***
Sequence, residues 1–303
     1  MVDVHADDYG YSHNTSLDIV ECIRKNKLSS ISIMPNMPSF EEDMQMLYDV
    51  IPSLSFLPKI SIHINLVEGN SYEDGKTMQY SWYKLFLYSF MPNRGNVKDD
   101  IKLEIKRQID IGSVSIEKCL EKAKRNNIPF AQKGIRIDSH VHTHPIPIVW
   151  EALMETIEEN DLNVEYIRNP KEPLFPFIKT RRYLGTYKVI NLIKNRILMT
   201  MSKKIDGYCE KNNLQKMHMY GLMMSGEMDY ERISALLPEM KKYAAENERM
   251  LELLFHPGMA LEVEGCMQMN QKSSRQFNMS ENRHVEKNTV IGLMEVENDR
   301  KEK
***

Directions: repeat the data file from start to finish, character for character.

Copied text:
Sequence, residues 1–303
     1  MVDVHADDYG YSHNTSLDIV ECIRKNKLSS ISIMPNMPSF EEDMQMLYDV
    51  IPSLSFLPKI SIHINLVEGN SYEDGKTMQY SWYKLFLYSF MPNRGNVKDD
   101  IKLEIKRQID IGSVSIEKCL EKAKRNNIPF AQKGIRIDSH VHTHPIPIVW
   151  EALMETIEEN DLNVEYIRNP KEPLFPFIKT RRYLGTYKVI NLIKNRILMT
   201  MSKKIDGYCE KNNLQKMHMY GLMMSGEMDY ERISALLPEM KKYAAENERM
   251  LELLFHPGMA LEVEGCMQMN QKSSRQFNMS ENRHVEKNTV IGLMEVENDR
   301  KEK